Remade in Glasgow – plans to develop a repair economy in the city and beyond
Written by Sophie Unwin, Founder of The Remade Network
A few weeks ago, I walked down Paisley High Street and within 5 minutes saw eight empty shops amidst betting shops, loan shops and charity shops. Could there be a more urgent time to revive our local high streets? I believe that repair hubs can answer this need by providing a community experience which cannot be replaced by automation or e-commerce.
In November 2018 my colleagues and I were in Lush Buchanan Street launching the Remade Network with the Glasgow Repair Cafe. The Remade Network is a new social enterprise to set up community repair hubs in other communities, following my experience setting up the Brixton Remakery (formerly Remade in Brixton) and the Edinburgh Remakery (Remade in Edinburgh). A repair hub is a place where people can come together to learn how to fix household goods, and a business model where the income from refurbishing donated goods and teaching repair makes the project financially viable.
We had a great evening at the launch with folk from community groups, to local businesses, to research and policy organisations. Repair is not a new idea – the point of Remade Network is to scale it up by condensing 10 years learning for other places.
I was initially inspired by the experience of creating less than a dustbin of waste when I lived for a year in rural Nepal. Coming back to London I felt in shock at the amount of waste we create and launched the concept in 2008 in Brixton at the time of the economic crash. “Why don’t we have a space for our elderly immigrants to teach unemployed bankers something useful?” I asked, and people cheered, at a meeting in the local town hall. A few years later, my colleague Hannah Lewis had persuaded Lambeth Council to gift the project a block of disused garages that could be converted into a series of reuse and repair social enterprises.
By then, I had moved to Edinburgh for a new job, and in 2011 started up Remade in Edinburgh with £60, building it up from a group of volunteers to a social enterprise with £240,000 turnover, 80% traded income and 10 employees, by 2018 when I left. I found firstly a temporary space in South Bridge Resource Centre (thanks to local community worker Nancy Somerville), then a small shop in Guthrie Street (thanks to Edinburgh University) and then in 2016, with expansion funding from Zero Waste Scotland, the bigger shop and converted bank branch in Leith Walk.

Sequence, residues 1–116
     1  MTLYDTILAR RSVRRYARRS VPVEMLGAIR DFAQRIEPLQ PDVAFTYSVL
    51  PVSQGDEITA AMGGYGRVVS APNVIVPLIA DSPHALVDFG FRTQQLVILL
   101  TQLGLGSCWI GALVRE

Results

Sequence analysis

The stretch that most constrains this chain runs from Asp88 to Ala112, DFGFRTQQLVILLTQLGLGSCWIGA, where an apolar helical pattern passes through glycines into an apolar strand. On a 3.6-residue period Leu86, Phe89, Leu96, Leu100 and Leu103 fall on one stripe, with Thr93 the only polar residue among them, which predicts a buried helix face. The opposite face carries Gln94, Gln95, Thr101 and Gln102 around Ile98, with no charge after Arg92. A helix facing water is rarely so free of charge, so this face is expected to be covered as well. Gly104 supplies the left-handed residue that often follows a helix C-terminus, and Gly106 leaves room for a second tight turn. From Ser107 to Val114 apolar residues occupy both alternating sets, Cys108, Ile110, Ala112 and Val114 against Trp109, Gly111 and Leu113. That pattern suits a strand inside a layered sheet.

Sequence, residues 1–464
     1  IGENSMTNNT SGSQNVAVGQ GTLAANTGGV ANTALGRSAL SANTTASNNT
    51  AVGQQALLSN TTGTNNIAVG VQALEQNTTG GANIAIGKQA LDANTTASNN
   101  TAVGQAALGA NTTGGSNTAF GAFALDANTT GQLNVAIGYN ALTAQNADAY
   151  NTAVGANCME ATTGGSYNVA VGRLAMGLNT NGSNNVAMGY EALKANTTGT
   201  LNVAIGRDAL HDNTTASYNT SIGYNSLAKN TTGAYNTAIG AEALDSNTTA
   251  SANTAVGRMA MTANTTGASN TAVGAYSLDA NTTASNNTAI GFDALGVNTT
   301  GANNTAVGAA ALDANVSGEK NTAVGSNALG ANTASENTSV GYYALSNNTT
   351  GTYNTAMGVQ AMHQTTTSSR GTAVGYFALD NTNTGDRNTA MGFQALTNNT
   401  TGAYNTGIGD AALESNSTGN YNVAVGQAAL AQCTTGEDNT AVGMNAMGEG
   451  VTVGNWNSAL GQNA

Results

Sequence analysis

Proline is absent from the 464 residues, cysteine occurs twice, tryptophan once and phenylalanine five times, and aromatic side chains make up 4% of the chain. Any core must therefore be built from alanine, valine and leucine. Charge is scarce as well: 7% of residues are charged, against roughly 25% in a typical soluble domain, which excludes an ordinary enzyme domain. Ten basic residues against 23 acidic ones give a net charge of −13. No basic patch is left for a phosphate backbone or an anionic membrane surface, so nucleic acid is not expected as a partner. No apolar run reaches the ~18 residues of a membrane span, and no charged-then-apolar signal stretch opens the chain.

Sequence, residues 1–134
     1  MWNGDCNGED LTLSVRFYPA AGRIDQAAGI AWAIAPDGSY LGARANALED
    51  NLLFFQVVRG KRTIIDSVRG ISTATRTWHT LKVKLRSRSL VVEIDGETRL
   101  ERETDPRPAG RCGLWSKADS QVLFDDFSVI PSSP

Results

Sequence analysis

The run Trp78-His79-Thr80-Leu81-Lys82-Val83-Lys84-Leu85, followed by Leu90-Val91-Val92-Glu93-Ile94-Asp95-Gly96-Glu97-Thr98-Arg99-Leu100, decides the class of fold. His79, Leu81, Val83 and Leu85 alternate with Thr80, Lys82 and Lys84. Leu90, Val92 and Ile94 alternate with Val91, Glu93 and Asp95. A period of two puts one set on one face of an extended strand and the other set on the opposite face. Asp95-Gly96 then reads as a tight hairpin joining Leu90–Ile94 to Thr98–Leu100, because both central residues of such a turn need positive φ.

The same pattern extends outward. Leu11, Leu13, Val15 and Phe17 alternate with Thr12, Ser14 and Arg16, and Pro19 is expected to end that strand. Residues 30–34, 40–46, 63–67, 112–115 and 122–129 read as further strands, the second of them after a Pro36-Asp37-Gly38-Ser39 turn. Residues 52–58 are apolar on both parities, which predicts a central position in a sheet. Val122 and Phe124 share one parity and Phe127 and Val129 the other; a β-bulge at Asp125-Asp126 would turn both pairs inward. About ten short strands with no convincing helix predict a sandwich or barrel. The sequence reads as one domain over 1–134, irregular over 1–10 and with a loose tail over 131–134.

By this point, I was studying a Scale Up Course with the School for Social Entrepreneurs. At this time of worsening inequality and climate change, it seems important to increase the impact of our work. After all, we can recycle more stuff and still be creating more waste. And repair doesn’t just prevent waste – it creates ten times as many jobs as recycling. My article in CommonSpace went viral, and enquiries started flooding in. We now have 65 active conversations with groups all around the world and I’ve already undertaken work in Brooklyn, Montreal and New Zealand. We have a partnership based business model and the wider business community is behind us, with organisations like Sugru – who make a mouldable fixing product – supporting our work to promote a wider repair revolution.
Glasgow is the obvious next place for us – a city with the diversity and vitality to embrace repair, and where we are not interested in reinventing the wheel, but in partnering with others to help the city – and Scotland – develop a wider repair economy. Our next step is to find the right space in Glasgow to provide this training.
Please do get in touch if you’d like to collaborate.